Lent is a time for looking beneath the surface. It reminds us to search out where our real commitment lies, to continue exploring, searching, pushing up against the horizons of our awareness. Lent calls us to put our preconceived notions of the truth and our prepackaged ideas of the good aside. It asks us to be disciplined enough to let go of our outmoded values and let the Spirit of God renew us. In the past we considered penance a matter of self-abnegation and denial of a particular enjoyment. Now, we can view it as a turning toward God to receive the insights for a renewal of the focus of our lives.
Give me back the joy of your salvation,
and a willing spirit sustain in me.
Psalm 51: 14-17
Are there any areas in my life that need a new focus? In my prayer, I will turn to God with an open mind and a receptive heart.
Jesus answered and said to him, “Except a man be born again, he cannot see the kingdom of God.”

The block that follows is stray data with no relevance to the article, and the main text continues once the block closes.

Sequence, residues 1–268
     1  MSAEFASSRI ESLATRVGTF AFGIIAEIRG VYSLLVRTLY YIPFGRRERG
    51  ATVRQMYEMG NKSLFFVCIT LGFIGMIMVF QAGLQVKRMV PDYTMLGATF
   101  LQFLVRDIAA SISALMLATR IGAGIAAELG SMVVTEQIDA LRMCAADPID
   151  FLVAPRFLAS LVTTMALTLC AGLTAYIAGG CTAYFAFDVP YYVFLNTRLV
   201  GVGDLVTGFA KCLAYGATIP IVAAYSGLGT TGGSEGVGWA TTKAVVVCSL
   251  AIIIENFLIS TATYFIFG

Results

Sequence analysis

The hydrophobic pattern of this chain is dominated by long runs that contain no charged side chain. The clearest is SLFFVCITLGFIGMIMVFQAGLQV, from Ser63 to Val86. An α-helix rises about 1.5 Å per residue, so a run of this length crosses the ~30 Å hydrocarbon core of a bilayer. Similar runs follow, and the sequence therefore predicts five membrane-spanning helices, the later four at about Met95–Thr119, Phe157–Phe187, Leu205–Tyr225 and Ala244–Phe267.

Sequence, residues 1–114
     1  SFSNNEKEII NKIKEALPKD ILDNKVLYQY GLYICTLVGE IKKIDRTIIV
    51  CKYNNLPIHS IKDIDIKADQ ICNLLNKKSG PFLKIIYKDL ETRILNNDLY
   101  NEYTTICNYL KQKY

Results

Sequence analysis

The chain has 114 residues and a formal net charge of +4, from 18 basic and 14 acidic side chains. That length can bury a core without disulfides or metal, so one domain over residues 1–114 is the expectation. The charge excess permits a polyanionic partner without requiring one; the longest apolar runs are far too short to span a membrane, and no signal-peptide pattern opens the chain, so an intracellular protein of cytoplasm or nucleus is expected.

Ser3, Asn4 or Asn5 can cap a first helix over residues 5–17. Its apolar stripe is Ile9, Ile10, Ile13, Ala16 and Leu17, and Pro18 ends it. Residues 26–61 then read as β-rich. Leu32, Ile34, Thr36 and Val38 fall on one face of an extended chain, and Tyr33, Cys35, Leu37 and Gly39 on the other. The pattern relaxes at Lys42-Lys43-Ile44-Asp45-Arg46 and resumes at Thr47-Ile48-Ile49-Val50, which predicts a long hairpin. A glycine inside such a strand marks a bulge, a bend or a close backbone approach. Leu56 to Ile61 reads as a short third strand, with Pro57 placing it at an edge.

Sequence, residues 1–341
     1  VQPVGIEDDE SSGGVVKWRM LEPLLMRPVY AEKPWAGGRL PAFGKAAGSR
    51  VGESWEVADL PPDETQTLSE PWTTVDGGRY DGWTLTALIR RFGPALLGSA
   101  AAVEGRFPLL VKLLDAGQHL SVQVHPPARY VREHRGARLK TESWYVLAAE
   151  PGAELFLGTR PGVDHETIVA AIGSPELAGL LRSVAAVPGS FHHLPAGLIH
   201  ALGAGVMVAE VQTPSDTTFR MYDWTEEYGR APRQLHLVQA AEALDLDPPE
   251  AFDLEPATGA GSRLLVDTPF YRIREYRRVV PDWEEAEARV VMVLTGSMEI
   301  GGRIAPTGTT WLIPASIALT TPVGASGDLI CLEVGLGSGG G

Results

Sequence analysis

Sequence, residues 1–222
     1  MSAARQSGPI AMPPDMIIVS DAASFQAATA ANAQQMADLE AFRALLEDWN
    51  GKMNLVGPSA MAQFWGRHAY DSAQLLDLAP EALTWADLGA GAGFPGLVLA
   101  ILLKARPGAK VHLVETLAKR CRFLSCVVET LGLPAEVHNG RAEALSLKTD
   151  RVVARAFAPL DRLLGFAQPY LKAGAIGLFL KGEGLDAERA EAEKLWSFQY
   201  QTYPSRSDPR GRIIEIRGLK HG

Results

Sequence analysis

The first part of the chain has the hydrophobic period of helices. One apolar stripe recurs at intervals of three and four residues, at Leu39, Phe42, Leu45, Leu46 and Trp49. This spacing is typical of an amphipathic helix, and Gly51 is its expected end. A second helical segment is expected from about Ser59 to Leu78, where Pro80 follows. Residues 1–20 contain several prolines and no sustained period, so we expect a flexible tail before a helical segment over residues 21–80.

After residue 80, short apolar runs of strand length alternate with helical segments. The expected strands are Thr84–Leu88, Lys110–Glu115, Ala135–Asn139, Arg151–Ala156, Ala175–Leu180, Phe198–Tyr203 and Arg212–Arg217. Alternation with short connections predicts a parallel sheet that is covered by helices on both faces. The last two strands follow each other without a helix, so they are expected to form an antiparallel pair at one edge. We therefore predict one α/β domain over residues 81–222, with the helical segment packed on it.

But if you seek your God, you will find God if you look with all your heart and with all your soul.
Repent, then, and turn to God, so that your sins may be wiped out, and so
that times of refreshing may come from God.
Depart from evil, and do good; and dwell for evermore.
Another proof of the turning toward Christ will be found in a real change of life. If someone does not live differently from before, both at home and abroad, this repentance needs to be repented of and this conversion is a fiction.
All mature religion is somehow talking about finding your God self, your Christ self, your Buddha self, your Sufi dance. And when it happens, you know it was not a “change” after all, but a wondrous discovery and constant rediscovery of what was always true anyway.
We all know that life is lived in seasons. We go through periods of time when something in us must die so that something new can be born. We must grieve what has marred our past so that we can give birth to what is yet to come, the “awe” that is unfolding. Lent reminds us of these past seasons — that for every resurrection there is a death, and for every death a resurrection.
Joanne Fogarty, OSF